Thick As A Brick 2?

So I sign in to Yahoo this morning and start reading the latest news, only to see this headline: Jethro Tull gets thicker on “Brick 2″. At first I wasn’t sure if I’d read that right so, I looked at a few more headlines before reading the article. Apparently Ian Anderson began to wonder what would have happened to the fictitious child poet, Gerald Bostock (who wrote the original lyrics) 40 years later. The interview itself is really good especially Anderson’s response to the last question:

Q: “The music industry’s changed so much since you began in the ‘60s. What’s your take on it today?”

A: “It’s much more competitive and over-subscribed in terms of participants and wannabe-participants. But we also have a lot more choice and it fits the age. We eat fast food and snack, and it’s the same with music. I don’t think we sit down and listen to music the way we used to. We tend to snack on it while we’re multi-tasking and on the move. So we hear more music than ever before. I’m not sure that we actually listen to it. But the access is unparalleled in terms of ease and cheapness.”

If you are into Jethro Tull you may want to go check out the full interview. I have the original “Thick As A Brick” on vinyl, which I found at thrift store in fairly good condition about two or three years ago. I’m not sure if I want to listen to “Thick As A Brick 2″ though. Have any of you listened to it? What did you think of it?

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About lostincompositionland

absentminded composer/writer with short-ass attention span. Prone to fits of silliness at the drop of a hat. :P
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2 Responses to Thick As A Brick 2?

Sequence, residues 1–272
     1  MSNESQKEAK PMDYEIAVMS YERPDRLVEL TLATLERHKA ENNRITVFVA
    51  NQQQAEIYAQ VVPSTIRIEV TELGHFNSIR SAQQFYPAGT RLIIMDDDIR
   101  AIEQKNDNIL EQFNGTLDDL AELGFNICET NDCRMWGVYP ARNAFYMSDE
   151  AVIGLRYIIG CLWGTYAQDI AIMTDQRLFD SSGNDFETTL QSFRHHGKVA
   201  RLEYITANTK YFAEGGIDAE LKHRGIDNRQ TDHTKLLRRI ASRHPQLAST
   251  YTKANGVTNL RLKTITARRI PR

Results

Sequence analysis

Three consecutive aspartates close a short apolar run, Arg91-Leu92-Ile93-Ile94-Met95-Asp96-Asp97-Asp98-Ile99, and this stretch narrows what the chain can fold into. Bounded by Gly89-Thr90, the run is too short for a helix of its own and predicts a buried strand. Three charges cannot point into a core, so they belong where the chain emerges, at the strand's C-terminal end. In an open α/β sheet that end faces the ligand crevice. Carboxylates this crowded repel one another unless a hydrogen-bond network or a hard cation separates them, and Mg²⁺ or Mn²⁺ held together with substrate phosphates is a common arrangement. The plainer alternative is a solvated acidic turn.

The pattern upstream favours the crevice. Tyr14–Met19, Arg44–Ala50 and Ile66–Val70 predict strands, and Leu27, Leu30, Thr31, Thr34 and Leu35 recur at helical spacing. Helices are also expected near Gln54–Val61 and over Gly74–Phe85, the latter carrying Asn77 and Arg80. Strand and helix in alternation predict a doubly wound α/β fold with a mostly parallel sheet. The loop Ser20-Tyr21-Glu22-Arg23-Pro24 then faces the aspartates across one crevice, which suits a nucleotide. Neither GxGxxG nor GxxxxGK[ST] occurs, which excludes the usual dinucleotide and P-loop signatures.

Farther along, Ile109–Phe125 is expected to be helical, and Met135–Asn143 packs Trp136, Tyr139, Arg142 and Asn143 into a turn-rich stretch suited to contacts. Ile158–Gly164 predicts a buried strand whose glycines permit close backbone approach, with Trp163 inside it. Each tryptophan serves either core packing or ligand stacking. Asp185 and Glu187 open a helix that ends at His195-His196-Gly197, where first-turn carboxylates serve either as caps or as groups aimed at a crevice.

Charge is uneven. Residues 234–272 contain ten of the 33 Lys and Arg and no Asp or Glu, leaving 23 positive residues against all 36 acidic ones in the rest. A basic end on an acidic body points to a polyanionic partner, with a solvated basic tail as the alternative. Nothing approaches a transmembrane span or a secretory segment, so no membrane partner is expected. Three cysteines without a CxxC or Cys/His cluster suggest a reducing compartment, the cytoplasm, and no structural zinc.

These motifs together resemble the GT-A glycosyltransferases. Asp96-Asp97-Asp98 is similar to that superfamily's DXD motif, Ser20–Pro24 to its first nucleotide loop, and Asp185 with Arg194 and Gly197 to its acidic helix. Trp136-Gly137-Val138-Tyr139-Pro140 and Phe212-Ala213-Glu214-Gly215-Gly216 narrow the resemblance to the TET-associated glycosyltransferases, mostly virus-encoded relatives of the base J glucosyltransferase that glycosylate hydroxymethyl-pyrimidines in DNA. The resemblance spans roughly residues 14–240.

1. Butch John says:

    listened to it. contains 17 songs, all broken unlike the original. hints of the old Tull pop up, but nothing really that would lead you there if you didn’t know better. I keep comparing it to Ian’s The Secret Language of Birds. The most interesting part of the release is not the release itself, but the live back-to-back treatment he gives both TAABs in concert. The first half of the set is the new album, which changes little from TAAB 2. The original gets several new treatments, mostly vocal given Ian’s advancing age and loss of voice. Martin’s missed on both the studio and concert performances, but that might be me given the fact I’ve been following Tull from the start. TAAB 2 is worth a real listen – not just background noise – if only because you never know what you get when you get new Tull/Ian material.

    • I guess I’ll have to give it a listen then. I can’t say that I know a lot about Tull to begin with. I have TAB and Aqualung on vinyl and do like to listen them every so often. Probably won’t be able to see them live though, too poor. Thank you for commenting!

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